ALBANY, N.Y., Feb. 10 (UPI) -- The New York Senate, in a rare act, voted 53-8 Tuesday night to oust Sen. Hiram Monserrate, who was convicted of a misdemeanor for roughing up his girlfriend.
Gov. David Paterson called a special election for March 16 to determine who will replace the Queens borough Democrat, whose ouster leaves the state Senate with 31 Democrats and 30 Republicans, The New York Times reported.
Monserrate said he intends to try to regain his seat in the special election and his attorneys also are seeking a remedy in federal court, the newspaper said.
"The New York state Senate does not have the constitutional and legal authority to expel Senator Monserrate," said Norman Siegel, one of the ousted lawmaker's lawyers. "And even if they did, their actions have not been consistent with due process of law."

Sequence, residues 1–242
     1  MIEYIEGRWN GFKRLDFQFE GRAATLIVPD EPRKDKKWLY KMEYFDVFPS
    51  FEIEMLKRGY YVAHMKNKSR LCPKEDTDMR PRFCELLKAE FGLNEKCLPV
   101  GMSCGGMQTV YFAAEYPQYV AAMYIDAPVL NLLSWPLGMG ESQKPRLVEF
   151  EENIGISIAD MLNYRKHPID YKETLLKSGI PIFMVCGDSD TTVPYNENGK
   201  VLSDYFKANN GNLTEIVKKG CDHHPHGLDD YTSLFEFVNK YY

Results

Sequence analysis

Monserrate was arrested in December 2008 and convicted on a misdemeanor count last fall. He avoided conviction on a felony charge that he cut his companion on the face with a broken glass.
Monserrate is the first state lawmaker expelled in New York since the 1920s, when six assemblymen who were members of the Socialist Party of America were booted, the Times said.